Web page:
Friday, May 22, 2009

In Which I am no Longer Cinderella at the Ball

This is not a maudlin post.

My life is GOOD. I'm very lucky in so, so many ways.

I do, however, have a continuing battle with a combination of fibromyalgia and what appears to be something akin to psoriatic arthritis. They strike separately, and they strike together, sometimes far worse than at other times.

I've tried to keep both at bay for 7 years using a combination of moderate exercise, tons of water, as few processed foods as possible and, when the pain gets really bad, a mega course of advil for a couple of weeks until things get better.

Starting in January of this year, however, things didn't get better. And the usual routines weren't working. And my rheumatologist had been dangling other, stronger, things in front of my face (he tends to be very conservative on drug usage, but he also doesn't want permanent joint damage). I tried other things, too. But this isn't a post about my health, and if anyone's really interested because they're going through a similar struggle, please just e-mail me.

Okay, so the long and the short of it is that after months of other therapies and constant pain (part of the reason for my hiatus), I tried the very mildest of the dangled drugs. And this drug came along with what's known as a steroid "burst" (a short course of steroids, to sort of "jump start" the other stuff).

And I was Cinderella at the Ball.

And what this is really about is that steroids cheat.

Within 24 hours, I was close to myself again. My energy was back; my pain all but gone. I was sure that the new drug was going to be helping far earlier than my doctor had anticipated.

For 18 days, I lived a blissfully pain-free life. Then the pain started creeping back. Now, it's returned.

I'm back to my natural therapies (along with the mild drugs). I'm still on a teeny dose of steroids that I continue on for a few more days (I've "tapered down"). I'm determined to stay away from the advil, if I can, because it wreaks havoc with other things.

But this whole incident got me very, very sad for our world.


Well, I'm all for drugs to be used when they can help with diseases, be those diseases mental or physical.

But how many athletes have been involved in steroid scandals over the years? How many folks now are taking Adderall and Ritalin not because they need either one, but because they can stay up later, study harder, get better grades.

You know what, y'all? That's cheating.

If a closing-in-on-fifty, fat, high school English teacher can end up feeling like frigging Cinderella at the Ball and waltzes through more to-do lists than any human being should when on steroids, what is the 20-something, athletically-gifted batter doing? The cyclist, who can now ace the Tour de France? The football player who bulked up over the summer?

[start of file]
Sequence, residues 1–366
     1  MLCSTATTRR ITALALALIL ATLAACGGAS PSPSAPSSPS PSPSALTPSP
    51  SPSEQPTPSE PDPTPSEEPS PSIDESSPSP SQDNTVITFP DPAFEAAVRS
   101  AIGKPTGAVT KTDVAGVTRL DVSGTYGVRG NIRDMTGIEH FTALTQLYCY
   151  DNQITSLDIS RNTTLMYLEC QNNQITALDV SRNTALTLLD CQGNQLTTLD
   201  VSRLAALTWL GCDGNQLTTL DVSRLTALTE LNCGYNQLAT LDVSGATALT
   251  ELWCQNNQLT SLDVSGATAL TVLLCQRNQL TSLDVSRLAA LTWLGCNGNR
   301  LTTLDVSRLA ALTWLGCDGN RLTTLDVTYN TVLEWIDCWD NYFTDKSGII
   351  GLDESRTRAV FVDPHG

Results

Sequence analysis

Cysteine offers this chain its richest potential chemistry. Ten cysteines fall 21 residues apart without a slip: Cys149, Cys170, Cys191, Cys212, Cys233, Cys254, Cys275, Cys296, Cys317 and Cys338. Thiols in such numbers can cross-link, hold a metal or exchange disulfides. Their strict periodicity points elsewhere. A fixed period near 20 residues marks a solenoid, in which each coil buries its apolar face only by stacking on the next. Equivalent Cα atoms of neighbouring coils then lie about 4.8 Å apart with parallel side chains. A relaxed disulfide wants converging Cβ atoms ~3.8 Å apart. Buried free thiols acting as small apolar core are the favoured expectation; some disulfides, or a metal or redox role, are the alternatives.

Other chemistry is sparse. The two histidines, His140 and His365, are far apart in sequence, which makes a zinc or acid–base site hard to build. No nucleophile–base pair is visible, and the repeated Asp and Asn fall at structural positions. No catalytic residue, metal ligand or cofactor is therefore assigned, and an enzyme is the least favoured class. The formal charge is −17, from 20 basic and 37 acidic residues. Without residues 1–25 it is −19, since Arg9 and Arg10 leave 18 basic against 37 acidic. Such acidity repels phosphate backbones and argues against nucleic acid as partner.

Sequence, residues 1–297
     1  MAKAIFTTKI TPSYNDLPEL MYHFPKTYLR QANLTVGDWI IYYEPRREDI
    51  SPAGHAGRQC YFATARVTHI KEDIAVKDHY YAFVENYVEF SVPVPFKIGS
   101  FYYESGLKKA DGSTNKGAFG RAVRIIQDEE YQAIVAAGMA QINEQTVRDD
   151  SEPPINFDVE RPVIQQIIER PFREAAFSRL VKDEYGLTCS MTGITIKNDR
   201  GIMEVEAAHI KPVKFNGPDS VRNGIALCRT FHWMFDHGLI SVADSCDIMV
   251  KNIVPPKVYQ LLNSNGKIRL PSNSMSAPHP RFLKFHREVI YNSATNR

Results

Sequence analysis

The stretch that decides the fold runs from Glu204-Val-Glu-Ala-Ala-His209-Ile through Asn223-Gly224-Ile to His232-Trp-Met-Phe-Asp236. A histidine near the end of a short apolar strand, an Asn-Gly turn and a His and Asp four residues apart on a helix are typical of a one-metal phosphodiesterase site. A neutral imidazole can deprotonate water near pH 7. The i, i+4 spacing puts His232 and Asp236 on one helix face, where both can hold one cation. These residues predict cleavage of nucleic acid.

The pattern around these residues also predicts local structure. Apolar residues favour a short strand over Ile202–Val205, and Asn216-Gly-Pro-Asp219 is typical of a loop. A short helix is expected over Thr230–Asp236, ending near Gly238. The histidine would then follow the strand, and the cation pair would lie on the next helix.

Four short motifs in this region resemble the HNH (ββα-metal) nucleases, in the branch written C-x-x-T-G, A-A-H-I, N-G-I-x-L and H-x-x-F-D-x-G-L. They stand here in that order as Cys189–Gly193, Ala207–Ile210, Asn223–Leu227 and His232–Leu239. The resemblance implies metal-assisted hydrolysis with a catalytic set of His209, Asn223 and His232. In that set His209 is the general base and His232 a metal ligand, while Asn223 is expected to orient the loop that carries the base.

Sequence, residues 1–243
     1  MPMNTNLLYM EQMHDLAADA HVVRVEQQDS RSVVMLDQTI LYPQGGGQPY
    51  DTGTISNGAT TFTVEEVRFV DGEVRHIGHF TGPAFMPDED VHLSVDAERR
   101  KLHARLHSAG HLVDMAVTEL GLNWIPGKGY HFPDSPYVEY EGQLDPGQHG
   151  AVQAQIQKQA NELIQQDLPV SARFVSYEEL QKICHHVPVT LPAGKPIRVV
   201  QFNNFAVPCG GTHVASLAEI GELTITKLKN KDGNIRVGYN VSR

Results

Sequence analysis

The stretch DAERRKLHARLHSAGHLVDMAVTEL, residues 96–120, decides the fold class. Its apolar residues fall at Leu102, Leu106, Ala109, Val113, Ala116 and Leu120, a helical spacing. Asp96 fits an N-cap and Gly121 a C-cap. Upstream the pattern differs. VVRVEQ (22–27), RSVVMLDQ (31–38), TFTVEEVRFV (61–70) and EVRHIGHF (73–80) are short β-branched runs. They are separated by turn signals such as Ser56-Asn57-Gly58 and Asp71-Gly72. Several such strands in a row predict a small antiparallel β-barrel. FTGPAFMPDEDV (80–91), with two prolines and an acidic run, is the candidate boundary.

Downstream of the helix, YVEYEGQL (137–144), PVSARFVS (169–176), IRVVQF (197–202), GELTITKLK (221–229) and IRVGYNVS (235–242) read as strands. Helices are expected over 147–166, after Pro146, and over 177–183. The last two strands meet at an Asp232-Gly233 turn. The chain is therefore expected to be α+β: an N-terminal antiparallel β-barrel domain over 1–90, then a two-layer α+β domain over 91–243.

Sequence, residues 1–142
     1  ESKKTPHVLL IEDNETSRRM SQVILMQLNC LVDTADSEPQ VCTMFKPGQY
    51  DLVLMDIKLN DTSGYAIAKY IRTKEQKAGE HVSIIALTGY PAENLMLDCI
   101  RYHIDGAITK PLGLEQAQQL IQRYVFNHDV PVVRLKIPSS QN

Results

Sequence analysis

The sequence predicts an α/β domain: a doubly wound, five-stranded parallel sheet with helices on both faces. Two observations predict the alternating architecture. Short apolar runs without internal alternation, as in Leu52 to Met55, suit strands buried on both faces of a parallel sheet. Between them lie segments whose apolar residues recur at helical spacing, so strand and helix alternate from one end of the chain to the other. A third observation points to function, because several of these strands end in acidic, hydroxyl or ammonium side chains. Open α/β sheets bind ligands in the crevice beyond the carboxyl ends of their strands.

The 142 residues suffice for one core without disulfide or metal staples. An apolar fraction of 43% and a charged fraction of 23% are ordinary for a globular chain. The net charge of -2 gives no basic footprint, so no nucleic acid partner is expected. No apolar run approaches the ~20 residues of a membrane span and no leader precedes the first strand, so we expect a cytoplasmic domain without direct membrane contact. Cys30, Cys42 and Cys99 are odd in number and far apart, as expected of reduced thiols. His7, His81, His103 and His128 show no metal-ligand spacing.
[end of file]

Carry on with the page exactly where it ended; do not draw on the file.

What about the kid who just got into Columbia or Harvard or Princeton and probably doesn't deserve that spot? What about the kid who didn't cheat and lost that spot that they actually did deserve?

C has been doing a project on Malcolm X this week. We've both been immersed in all things X, because I've long been fascinated with his life story and it was interesting to watch Spike Lee's "X" with C, and to have access to The Autobiography of Malcolm X, the reader of pieces on and about Malcolm X, and the other research materials we've had lying around the house. Malcolm X spoke a great deal about keeping the "white man's poisons" out of one's system. A lot of this is Islam - not about your skin color, but about the fact that there are substances that should not be ingested. They make you impure.

Steroids and stimulants make you impure. They kick you up a notch. We weren't made to be kicked up that notch and it's not fair to your body or to others when you take this crap just to be "better".

Have you had any experiences where you've been Cinderella at the Ball? Know folks who've gotten themselves in trouble with steroids or stimulants? What's your take on all this?


painted maypole said...

very interesting.

i was sick FOREVER this past fall... thought it was allergies but then it dragged on and on and then I became dependent on Afrin so I finally went to the dr. who told me I had one hell of a sinus infection (that did probably start as allergies...) So in addition to my round of antibiotics and a different (non dependency forming) nasal spray she gave me a steroid shot, after warning that they don't give these often, but seeing from my records that I hadn't had any in my nearly 4 years of being a patient there.